The Housing Service use a range of strategies designed to tackle neighbour nuisance and antisocial behaviour early on, which can stop problems from escalating. The Housing Service work with partner agencies to tackle these issues.
We have a published policy on antisocial behaviour and associated conditions within all our tenancy agreements and leases. We have recently undertaken work to include more on acceptable behaviour as part of our tenancy agreements. Our policy is tenure neutral enabling us to act on conduct that directly or indirectly relates to or affects our housing management functions. It allows for action to be taken for or against our own secure, non-secure, flexible fixed term and introductory tenants, owner-occupiers and private sector tenants.
Where estate walkabouts are carried out either the Housing Officer or the local resident association/group will take the lead in organising these. The frequency will be agreed locally, and depending upon local issues and available resources. The Housing Officer or local resident association/group may also invite local residents, representatives from residents associations, the Police, Highways, and councillors to attend.
In areas without formal estate walkabouts with local residents the Housing officer and/or Estate Wardens will undertake a regular walk around of the area to identify any issues that need addressing.
As well as estate walkabouts on general needs estates there are also regular walkabouts in retirement living courts with the court manager.
Wealden will consider improvements to estates on a case by case basis and in full consultation with residents; this will be dependent upon budgetary constraints.
The Council will also work with and support local resident associations/groups to bid for external funding to deliver estate improvements or facilities such as skate parks, play areas, planters etc.
Where the graffiti is on land or buildings owned by the Housing Service it will be removed as soon as possible.
Abandoned vehicles are controlled in the district by Operation Crackdown through which Wealden District Council work closely with the police. Officers have direct access to the DVLA system. All reported vehicles are put on the system and visited within 24 hours, with various checks being run via the DVLA system to establish ownership or authorisation to remove. Vehicles are no longer stickered as this encourages possible vandalism and arson. We will work to identify owners of suspected abandoned vehicles and arrange for the vehicle to be removed, stored and disposed of if the owner does not respond after giving the required notice. Where the owner is identified we may re-charge them the costs for the removal, storage and disposal of the vehicle.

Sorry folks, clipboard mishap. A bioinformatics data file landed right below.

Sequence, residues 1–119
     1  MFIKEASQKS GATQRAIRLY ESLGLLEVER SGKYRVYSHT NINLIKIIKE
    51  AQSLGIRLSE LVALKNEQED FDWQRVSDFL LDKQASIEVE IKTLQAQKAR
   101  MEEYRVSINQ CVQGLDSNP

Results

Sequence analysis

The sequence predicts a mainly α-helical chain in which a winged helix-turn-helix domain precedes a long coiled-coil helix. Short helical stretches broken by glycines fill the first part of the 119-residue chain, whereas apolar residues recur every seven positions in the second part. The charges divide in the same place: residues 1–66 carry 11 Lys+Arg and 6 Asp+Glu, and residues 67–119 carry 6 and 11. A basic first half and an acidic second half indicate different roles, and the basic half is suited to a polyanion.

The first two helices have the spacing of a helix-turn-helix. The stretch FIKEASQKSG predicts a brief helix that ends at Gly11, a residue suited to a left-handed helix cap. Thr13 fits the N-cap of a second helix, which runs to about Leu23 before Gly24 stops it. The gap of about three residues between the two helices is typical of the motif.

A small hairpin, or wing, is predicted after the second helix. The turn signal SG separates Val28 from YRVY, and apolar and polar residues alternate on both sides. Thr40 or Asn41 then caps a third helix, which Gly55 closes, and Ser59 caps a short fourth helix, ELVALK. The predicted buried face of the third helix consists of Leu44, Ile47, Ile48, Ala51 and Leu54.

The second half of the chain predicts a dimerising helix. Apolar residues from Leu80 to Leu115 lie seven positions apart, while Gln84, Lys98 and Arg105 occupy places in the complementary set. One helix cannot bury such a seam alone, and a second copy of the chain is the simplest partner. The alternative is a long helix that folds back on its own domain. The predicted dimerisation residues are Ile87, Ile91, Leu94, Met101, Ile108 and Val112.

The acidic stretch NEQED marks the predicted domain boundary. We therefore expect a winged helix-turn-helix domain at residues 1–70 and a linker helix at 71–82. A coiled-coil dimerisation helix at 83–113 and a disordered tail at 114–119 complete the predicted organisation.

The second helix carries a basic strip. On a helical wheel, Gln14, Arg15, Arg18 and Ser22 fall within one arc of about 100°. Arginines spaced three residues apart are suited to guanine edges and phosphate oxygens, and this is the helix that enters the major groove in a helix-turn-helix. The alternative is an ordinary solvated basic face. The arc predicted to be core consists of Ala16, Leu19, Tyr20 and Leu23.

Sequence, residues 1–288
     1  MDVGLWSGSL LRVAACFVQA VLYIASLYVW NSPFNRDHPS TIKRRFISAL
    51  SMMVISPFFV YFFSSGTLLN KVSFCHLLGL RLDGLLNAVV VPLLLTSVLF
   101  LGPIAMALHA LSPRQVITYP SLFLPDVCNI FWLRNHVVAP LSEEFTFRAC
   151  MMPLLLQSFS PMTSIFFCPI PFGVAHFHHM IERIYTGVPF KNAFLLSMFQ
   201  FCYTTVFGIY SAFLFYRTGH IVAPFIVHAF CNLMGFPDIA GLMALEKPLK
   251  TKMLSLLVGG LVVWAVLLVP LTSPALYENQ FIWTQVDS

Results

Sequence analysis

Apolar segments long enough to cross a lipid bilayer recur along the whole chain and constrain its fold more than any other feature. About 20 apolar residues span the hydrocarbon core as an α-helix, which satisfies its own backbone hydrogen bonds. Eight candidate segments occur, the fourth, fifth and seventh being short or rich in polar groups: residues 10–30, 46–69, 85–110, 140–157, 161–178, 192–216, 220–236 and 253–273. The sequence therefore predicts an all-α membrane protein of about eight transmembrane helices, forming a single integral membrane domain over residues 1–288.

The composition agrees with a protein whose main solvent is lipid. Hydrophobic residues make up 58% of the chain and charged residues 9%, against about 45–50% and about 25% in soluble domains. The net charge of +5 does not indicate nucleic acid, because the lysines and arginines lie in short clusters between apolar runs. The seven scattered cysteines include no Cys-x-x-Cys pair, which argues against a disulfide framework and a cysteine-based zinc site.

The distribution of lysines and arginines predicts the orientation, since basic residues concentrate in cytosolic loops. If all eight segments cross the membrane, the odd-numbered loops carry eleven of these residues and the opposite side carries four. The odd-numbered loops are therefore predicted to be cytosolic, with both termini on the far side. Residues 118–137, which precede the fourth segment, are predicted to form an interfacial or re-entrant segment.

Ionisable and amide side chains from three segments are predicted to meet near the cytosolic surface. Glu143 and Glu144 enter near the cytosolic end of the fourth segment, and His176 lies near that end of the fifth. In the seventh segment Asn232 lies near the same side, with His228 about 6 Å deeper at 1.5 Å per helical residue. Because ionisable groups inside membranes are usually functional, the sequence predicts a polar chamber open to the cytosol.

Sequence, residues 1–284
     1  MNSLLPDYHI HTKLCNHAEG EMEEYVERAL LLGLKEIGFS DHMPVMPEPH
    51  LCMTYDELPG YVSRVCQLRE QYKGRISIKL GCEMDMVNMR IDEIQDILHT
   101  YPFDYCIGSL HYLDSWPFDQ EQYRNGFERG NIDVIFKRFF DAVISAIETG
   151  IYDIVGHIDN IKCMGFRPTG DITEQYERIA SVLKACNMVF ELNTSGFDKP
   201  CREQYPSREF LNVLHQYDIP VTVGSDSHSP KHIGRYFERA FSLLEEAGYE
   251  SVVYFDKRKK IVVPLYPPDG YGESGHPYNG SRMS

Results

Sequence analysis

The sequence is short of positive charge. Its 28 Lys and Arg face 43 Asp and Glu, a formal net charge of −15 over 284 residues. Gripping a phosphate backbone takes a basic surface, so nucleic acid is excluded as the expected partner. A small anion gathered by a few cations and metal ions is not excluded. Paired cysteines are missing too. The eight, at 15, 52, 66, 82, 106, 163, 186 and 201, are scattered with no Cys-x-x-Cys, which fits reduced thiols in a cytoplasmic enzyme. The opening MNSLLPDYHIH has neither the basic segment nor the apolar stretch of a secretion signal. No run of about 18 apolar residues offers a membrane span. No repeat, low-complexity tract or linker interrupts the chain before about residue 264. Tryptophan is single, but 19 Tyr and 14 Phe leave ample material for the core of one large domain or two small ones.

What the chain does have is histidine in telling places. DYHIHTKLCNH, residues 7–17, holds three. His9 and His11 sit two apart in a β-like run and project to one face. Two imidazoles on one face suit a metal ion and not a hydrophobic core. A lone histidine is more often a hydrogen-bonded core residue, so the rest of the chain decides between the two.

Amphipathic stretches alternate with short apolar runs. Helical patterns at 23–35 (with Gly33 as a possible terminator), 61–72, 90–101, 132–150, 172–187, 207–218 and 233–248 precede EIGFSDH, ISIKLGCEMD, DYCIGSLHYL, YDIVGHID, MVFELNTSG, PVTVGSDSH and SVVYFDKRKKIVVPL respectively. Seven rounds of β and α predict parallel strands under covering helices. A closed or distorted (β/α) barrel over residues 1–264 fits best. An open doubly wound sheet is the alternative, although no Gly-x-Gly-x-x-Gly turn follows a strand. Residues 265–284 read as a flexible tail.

Where rubbish has been dumped on one Wealden’s housing estates/land the Estate Wardens will usually remove the rubbish and take it to a nearby Waste Recycling site. Where the perpetrator is known to the Housing Service we will endeavour to take action against them.
Where fly tipping occurs on land not in the ownership of housing service, Wealden District Council will visit the site for investigation purposes. This is done within 24 hours but normally within a few hours of being reported to retrieve evidence. Items are then removed by the next day.
The council will only remove items fly tipped on public land. Items fly tipped on private land will be removed but there is a charge for this service, however they will visit the site for evidential purposes. In certain circumstances fly tipped items can be removed from private land with no charge.
The council has a robust investigation procedure and claim back clear up costs, issue formal warnings and also prosecute dependant on the circumstances.
All reports of dog fouling are dealt with through the Council’s Street Scene team.
Wealden recognises that trees on estates may require maintenance on an either an on-going or ad-hoc basis. Wealden will maintain trees on estates of which there are 4898 and carry out inspections.
Where a tree is within the grounds of an individual property the resident will be responsible for maintaining the tree, in-line with their tenancy agreement. There may be exceptions to this where the council will carry out the work and re-charged to the tenant, e.g. where the tree is dangerous or damaging other properties.
Installation satellite dishes
Before installing a satellite dish a tenant must get written consent from their Housing Officer. They must also check with the Planning Service to ensure that they are not restricted from installing a satellite dish before doing so. Installation should be in such a place as to minimise the impact on the estate or neighbourhood, for example to the rear elevation of the property.
Location of sheds, greenhouses and other structures
Where a tenant wishes to erect a shed etc. this will be subject to permission from Housing Officer, and any necessary planning permission.
Prior to granting permission the council will consider various factors including:
- The position of the shed and the impact on the estate or neighbourhood;
- Any potential fire hazard to the property, boundary fence or adjoining property.
Service charge costs
Some Wealden tenants pay a weekly “service charge” within their rent. This is to pay for services such as grass cutting of communal areas, communal cleaning or window cleaning or lighting. Service charges cover the actual cost of providing these services through a contractor. Service charges are reviewed annually and details for the following financial year’s charges are issued in March each year.